50. By the third part of his second ground of appeal, the appellant alleges, in essence, discrimination based on language, on the ground that the contested notice of competition had not been published in his mother tongue, namely Portuguese, which prevented him from understanding the importance of attaching a list of annexes to his application form. He points out, in that regard, that the fact that he allegedly possessed a very good level of English cannot justify discrimination as regards the possibility of using his mother tongue, of which he has a considerably better command than English and French.
51. In that regard, it must be stated that, unlike the notices of competition published in full, in all official languages, in the Official Journal of the European Union, in accordance with Article 1(2) of Annex III to the Staff Regulations, read in conjunction with Article 5 of Regulation No 1/58, internal competition notices are not subject to that requirement.
52. Thus, while it is true that a candidate whose mother tongue is not one of the languages in which a notice of internal competition is published is placed at a disadvantage in relation to a candidate whose mother tongue is one of the languages in which that notice of competition has been published in full, both as regards the correct understanding of that notice and as regards the period for preparing and sending an application for the competition concerned, the fact remains that such a difference in treatment on grounds of language, which is prohibited by Article 21 of the Charter of Fundamental Rights of the European Union and by Article 1d(1) of the Staff Regulations, may, under Article 1d(6) of those regulations be allowed in so far as, in accordance with the principles of non-discrimination and proportionality, it is objectively justified and is aimed at legitimate objectives in the general interest in the framework of staff policy (see, to that effect, judgment of 27 November 2012, Italy v Commission, C‑566/10 P, EU:C:2012:752, paragraphs 73 to 75). Having regard, on the one hand, to the legitimate objective pursued by the difference in treatment on account of the language in question, relating to the internal nature of the certification procedure referred to in point 48 of this position, and, on the other hand, to the fact that the competition notice was addressed only to officials able to claim at least six years’ service, the appellant’s argument alleging discrimination on account of the failure to publish that notice in his mother tongue cannot succeed.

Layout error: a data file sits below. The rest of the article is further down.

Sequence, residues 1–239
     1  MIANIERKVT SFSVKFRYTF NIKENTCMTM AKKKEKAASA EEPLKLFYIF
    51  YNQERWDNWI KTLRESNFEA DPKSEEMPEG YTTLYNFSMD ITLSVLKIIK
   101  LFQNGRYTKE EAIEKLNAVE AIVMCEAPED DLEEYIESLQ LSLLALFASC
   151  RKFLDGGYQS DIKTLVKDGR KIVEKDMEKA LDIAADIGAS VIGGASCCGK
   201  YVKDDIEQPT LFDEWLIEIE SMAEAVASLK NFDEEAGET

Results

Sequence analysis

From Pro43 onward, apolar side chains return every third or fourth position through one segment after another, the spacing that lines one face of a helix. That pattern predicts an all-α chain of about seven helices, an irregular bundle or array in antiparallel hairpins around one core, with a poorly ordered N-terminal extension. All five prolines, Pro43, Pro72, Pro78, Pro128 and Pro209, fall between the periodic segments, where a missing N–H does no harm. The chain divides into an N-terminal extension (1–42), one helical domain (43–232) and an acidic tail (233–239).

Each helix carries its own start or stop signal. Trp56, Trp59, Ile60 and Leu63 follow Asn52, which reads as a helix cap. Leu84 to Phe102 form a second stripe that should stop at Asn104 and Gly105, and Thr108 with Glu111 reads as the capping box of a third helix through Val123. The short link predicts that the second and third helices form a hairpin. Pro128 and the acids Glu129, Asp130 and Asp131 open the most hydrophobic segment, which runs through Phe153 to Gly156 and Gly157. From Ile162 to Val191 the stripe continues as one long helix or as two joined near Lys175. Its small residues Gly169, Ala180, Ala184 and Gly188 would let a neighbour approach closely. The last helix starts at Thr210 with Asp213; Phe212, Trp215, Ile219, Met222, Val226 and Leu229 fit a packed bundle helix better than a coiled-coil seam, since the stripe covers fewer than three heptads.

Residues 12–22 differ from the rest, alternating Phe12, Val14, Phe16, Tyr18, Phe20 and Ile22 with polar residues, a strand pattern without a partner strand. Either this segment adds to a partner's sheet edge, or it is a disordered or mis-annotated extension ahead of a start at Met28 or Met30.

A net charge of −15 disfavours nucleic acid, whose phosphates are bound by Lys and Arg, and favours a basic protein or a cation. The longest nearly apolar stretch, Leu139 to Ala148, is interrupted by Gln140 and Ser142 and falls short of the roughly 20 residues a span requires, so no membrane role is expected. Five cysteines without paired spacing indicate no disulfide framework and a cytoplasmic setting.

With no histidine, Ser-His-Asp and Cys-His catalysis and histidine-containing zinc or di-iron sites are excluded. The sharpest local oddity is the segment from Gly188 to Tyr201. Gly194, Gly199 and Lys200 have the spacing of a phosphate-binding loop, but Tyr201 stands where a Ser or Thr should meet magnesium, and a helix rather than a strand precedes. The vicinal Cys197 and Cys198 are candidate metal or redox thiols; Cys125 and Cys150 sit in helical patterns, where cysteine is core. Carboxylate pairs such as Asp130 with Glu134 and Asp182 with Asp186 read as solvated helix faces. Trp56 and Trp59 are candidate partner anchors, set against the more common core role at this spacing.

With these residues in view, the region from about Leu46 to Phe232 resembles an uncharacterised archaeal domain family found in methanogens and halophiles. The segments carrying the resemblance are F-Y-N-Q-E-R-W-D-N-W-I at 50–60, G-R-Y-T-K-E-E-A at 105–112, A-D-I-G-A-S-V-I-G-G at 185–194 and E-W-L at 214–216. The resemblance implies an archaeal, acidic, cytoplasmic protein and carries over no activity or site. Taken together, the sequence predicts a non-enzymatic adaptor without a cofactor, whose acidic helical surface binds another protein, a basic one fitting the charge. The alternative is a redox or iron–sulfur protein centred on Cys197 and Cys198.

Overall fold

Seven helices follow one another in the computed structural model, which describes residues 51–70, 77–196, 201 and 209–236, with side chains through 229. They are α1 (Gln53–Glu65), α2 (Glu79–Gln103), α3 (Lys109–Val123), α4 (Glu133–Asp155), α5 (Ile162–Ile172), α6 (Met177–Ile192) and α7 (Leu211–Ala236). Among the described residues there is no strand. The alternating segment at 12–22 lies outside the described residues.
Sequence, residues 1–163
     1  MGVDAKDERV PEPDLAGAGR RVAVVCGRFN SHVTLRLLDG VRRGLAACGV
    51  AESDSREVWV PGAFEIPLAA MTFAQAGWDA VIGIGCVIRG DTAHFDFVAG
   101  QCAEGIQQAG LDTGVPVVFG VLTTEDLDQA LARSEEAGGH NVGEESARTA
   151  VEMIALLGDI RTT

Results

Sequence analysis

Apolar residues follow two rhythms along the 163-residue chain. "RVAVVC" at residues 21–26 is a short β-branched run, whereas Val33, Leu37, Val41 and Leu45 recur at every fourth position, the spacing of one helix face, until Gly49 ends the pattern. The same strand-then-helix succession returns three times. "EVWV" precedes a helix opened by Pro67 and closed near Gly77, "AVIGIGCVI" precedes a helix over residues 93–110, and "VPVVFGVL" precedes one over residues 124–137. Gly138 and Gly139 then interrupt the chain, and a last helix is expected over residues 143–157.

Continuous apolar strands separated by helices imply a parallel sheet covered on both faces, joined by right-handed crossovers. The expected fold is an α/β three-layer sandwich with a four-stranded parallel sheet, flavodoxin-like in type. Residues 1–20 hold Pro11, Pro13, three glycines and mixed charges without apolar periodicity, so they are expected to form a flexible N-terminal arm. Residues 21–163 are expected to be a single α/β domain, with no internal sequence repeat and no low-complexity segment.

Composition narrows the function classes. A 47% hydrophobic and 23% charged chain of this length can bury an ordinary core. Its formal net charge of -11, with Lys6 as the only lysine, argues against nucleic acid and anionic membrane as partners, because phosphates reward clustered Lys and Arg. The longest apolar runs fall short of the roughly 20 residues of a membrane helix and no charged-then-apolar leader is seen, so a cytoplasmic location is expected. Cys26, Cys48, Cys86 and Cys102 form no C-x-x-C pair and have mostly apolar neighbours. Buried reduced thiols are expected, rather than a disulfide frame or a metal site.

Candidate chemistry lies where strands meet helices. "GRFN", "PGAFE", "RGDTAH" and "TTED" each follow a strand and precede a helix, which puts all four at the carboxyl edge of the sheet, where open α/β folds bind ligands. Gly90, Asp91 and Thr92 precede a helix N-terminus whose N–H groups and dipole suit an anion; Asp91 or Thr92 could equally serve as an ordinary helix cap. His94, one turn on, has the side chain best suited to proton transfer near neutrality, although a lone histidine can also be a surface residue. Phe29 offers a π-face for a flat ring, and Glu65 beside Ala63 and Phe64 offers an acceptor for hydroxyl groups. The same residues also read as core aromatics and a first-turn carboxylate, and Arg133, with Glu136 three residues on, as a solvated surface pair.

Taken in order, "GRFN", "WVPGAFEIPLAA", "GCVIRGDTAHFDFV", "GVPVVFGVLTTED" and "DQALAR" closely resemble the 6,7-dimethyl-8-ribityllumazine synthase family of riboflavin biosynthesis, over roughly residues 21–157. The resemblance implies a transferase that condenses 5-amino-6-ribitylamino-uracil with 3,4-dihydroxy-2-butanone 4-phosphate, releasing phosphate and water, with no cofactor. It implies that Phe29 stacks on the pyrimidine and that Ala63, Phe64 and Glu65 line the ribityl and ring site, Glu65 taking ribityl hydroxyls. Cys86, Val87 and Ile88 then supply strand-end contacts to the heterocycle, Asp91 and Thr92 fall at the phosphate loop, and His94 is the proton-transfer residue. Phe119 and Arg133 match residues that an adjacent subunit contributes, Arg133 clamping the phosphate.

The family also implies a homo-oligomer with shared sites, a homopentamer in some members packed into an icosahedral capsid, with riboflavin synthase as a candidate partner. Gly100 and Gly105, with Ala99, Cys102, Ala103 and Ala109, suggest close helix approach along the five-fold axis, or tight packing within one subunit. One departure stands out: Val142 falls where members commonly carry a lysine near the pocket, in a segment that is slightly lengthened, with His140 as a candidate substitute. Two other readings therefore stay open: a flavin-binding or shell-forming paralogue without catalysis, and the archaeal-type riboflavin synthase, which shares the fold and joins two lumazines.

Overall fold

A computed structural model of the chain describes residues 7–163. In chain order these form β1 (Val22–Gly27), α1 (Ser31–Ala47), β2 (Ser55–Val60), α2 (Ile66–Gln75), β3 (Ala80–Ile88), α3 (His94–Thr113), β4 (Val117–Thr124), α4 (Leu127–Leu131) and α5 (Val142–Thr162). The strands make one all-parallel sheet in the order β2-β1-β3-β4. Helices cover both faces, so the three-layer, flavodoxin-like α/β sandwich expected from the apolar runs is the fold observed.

53. Consequently, the third part of the second ground of appeal is manifestly unfounded and that ground of appeal must therefore also be rejected in its entirety as manifestly unfounded.
54. Accordingly, the appeal must be dismissed in its entirety, without there being any need for the Court to rule on the appellant’s other heads of claim.
55. In the light of all those considerations, I propose that the Court dismiss the appeal in its entirety, pursuant to Article 181 of the Rules of Procedure of the Court of Justice, as being, in part, manifestly inadmissible and, in part, manifestly unfounded, and order the appellant to pay the costs, in accordance with Article 137 and Article 184(1) of those rules.’
Findings of the Court
8 For the same reasons as those given by the Advocate General, the appeal must be dismissed as in part manifestly inadmissible and in part manifestly unfounded.
9 Under Article 137 of the Rules of Procedure of the Court of Justice, applicable to the procedure on appeal pursuant to Article 184(1) thereof, a decision as to costs is to be given in the order which closes the proceedings.
10 In this case, since the present order has been adopted before the appeal was served on the Parliament and therefore before the latter could have incurred costs, Mr Barata must be ordered to bear his own costs.
On those grounds, the Court (Eighth Chamber) hereby orders:
1. The appeal is dismissed as in part manifestly inadmissible and in part manifestly unfounded.
2. Mr João Miguel Barata shall bear his own costs.
Luxembourg, 31 March 2022.
A. Calot Escobar
President of the Eighth Chamber
* Language of the case: English.